Upcoming Events at a Glance!

Rabbi’s Brown Bag Lunch: Wednesday, March 21 at noon

Hebrew School: Wednesday, March 21 at 3, 4, and 5:00

Soup & Salad: Friday, March 23 at 6:00

Sunday School: Sunday, March 25 with model seder

Sisterhood General Meeting: Sunday, March 25 at 12:00 pm

Hebrew School: Wednesday, March 28 at 3, 4, and 5:00 pm

Erev Passover: Friday, March 30-NO Service

Passover Day 1: Saturday, March 31, 9:30 am service

NO Sunday School: Sunday, April 1

NO Hebrew School: Wednesday, April 4

Kabbalat Shabbat: Friday, April 6 beginning at 5:30 with refreshments.

Saturday Service: April 7 with Yizkor and tisch

NO Sunday School: Sunday, April 8

Hebrew School: Wednesday, April 11 at 3, 4, and 5:00 pm

Holocaust Remembrance: Thursday, April 12 at 7:00 pm film with Remembrance

Passover: History

Water Is Changed into Blood, watercolor by James Tissot

The name Pesach is derived from the Hebrew word pasach, which means “passed over,” which is also the source of the common English name for the holiday. It recalls the miraculous tenth plague when all the Egyptian firstborn were killed, but the Israelites were spared.

The story of Passover originates in the Bible as the telling of the Exodus from Egypt. The Torah recounts how the Children of Israel were enslaved in Egypt by a Pharoah who feared them. After many generations of oppression, God speaks to an Israelite man named Moses and instructs him to go to Pharoah and let God’s people go free. Pharoah refuses, and Moses, acting as God’s messenger brings down a series of 10 plagues on Egypt.

The last plague was the Slaying of the Firstborn; God went through Egypt and killed each firstborn, but passed over the houses of the Israelites leaving their children unharmed. This plague was so terrible that Pharoah relented and let the Israelites leave.

Pharoah then regretted his decision and chased the Children of Israel until they were trapped at the Sea of Reeds. But God instructed Moses to stretch his staff over the Sea of Reeds and the waters parted, allowing the Children of Israel to walk through on dry land. The waters then closed, drowning Pharoah and his soldiers as they pursued the Israelites.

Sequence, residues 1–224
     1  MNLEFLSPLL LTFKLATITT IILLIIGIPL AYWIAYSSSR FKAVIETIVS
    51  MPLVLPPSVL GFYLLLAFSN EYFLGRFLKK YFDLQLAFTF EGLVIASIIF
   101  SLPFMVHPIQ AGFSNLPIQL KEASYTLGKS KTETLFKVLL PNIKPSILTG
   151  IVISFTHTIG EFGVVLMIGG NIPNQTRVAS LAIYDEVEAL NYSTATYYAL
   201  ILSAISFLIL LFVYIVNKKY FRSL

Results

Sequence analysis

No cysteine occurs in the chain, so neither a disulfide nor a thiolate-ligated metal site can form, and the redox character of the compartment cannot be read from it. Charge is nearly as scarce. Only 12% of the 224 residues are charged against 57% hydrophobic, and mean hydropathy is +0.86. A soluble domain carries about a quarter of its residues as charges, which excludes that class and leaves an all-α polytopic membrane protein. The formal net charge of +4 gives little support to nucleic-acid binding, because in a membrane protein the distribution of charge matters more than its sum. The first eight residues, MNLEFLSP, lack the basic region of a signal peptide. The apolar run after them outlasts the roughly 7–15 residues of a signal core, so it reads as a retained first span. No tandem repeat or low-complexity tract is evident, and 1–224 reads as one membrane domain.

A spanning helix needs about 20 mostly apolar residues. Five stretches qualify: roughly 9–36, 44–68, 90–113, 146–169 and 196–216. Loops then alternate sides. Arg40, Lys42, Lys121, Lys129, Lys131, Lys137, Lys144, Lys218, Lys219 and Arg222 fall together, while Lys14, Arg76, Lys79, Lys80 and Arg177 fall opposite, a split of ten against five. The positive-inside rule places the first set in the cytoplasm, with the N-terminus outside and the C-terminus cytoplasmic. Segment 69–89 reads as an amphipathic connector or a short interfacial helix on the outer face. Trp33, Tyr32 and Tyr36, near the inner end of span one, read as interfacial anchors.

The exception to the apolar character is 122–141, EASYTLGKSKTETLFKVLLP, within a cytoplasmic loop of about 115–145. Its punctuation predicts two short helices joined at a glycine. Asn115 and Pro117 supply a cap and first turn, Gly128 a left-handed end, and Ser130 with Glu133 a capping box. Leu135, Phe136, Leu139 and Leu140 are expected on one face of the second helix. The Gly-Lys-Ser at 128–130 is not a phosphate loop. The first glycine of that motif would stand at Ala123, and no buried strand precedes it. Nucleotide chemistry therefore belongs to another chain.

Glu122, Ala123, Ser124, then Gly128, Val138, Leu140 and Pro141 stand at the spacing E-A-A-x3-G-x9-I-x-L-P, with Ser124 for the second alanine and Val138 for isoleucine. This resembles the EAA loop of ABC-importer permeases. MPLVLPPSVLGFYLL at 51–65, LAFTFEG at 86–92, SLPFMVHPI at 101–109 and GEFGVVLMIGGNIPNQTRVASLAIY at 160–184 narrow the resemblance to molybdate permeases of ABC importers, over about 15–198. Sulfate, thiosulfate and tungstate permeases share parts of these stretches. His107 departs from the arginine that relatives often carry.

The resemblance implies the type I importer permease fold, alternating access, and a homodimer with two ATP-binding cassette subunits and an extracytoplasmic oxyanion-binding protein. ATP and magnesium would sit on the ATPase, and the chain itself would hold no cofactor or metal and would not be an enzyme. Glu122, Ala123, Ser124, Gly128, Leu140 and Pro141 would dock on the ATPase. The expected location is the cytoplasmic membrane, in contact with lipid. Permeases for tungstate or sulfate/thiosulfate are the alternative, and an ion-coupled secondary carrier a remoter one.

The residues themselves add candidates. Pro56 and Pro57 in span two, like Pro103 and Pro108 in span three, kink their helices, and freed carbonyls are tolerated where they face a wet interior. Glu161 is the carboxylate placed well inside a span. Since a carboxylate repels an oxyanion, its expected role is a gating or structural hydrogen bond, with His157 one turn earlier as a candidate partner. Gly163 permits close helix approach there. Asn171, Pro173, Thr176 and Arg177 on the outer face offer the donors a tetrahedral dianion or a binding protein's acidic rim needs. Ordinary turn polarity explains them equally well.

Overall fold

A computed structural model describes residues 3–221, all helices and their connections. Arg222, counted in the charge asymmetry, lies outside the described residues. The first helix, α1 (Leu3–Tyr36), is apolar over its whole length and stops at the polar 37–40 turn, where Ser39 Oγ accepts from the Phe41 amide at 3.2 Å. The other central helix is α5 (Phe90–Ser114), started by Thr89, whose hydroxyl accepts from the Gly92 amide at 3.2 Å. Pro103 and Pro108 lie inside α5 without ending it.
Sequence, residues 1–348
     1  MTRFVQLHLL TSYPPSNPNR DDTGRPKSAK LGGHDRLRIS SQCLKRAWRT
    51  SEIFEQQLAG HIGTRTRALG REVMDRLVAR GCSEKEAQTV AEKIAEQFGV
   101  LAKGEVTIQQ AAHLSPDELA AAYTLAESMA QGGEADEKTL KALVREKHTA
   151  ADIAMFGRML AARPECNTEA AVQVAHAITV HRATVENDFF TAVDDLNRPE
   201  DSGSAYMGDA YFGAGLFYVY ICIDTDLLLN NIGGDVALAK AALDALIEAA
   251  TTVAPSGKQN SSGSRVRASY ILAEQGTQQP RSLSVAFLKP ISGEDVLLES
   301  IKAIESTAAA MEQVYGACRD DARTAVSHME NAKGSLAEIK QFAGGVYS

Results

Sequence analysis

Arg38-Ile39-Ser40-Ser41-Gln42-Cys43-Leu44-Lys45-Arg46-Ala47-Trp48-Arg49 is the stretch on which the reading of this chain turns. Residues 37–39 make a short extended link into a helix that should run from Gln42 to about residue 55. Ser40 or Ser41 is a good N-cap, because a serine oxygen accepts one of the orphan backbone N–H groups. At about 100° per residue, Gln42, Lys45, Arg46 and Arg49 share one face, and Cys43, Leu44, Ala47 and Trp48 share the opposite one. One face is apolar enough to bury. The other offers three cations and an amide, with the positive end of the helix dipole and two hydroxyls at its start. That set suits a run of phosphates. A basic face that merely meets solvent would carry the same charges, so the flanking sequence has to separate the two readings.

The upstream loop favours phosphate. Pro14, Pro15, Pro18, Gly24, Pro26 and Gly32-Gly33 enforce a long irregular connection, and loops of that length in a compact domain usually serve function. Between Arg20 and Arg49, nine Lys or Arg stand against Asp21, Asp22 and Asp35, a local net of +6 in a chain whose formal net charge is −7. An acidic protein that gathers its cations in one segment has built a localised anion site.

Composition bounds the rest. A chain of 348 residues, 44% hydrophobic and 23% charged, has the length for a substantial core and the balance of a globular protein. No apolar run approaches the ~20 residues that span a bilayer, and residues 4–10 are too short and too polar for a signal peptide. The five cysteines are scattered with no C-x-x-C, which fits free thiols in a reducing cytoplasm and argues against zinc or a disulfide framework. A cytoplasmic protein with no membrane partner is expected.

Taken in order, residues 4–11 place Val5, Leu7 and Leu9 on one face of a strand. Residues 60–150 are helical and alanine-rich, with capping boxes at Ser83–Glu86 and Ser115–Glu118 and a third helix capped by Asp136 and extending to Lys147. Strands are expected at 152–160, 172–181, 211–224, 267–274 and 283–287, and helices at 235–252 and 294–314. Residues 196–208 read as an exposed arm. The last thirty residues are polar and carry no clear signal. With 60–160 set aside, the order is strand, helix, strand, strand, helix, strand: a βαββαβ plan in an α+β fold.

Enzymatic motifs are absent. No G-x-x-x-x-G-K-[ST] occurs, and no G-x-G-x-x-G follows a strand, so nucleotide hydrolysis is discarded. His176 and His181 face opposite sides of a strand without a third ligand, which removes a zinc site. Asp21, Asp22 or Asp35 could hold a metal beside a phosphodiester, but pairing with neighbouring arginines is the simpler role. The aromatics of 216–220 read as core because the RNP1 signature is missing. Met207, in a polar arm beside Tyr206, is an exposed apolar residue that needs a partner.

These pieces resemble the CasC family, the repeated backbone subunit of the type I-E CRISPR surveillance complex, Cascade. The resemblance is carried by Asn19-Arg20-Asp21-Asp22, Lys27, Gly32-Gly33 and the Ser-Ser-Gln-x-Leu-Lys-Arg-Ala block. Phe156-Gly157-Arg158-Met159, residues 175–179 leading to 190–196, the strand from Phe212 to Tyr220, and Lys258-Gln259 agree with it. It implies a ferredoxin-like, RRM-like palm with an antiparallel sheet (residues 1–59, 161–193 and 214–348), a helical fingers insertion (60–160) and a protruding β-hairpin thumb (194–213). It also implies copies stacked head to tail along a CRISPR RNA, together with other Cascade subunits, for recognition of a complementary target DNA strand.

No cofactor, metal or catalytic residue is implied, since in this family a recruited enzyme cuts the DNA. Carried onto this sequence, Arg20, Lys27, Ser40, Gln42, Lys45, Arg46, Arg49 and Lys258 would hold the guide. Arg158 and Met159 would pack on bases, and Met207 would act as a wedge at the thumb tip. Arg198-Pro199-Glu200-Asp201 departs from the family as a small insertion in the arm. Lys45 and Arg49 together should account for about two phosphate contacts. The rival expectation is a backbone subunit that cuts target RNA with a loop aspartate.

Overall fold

The Torah commands an observance of seven days of Passover. Many Jews in North America and all Jews in Israel follow this injunction. Some Jews outside of Israel celebrate Passover for eight days. The addition of a day dates back to 700-600 B.C.E. At that time, people were notified of a holiday’s beginning by means of an elaborate network of mountaintop bonfires. To guard against the possibility of error, an extra day was added to many of the holidays. Today, a dependable calendar exists, allowing Jews to know when holidays start and end. However, the process remains ingrained in Jewish law and practice for some Jews living outside of Israel today.

Mark your Calendars for March Events!

1 Purim
2 Purim Dinner
3 Saturday Service
4 Sunday School
7 Hebrew School
9 7:30 Service
10 Saturday Service
11 Sunday School
14 Breakfast Schmooze
14 Hebrew School
16 Kabbalat Shabbat
17 Saturday Service-Haddasah Tisch
17 Movie Night
18 Sunday School Speaker-TBA
18 Temple Board Meeting
21 Rabbi’s Brown Bag Lunch
21 Hebrew School
23 Soup & Salad
24 Saturday Service
25 Sunday School-Model Seder
25 Sisterhood General Meeting
28 Hebrew School
30 Erev Passover-NO Service
31 Passover Day 1-9:30 Service

March Worship Schedule at a Glance

March 2018 Worship Schedule

March 2 & 3
Friday: Purim Dinner All That Jazz
Saturday: Morning Service 9:30 am

March 9 & 10
Friday: Service at 7:30 pm
Saturday: Morning Service 9:30 am

March 16 & 17
Friday: Kabbalat Shabbat 6:00 pm Refreshments at 5:30
Saturday: Hadassah Tisch 9:30 am

March 23 & 24
Friday: Soup & Salad 6:00 pm
Saturday: Morning Service 9:30 am

March 30 & 31
Friday: Erev Passover No Service
Saturday: Passover Day 1 Service at 9:30 am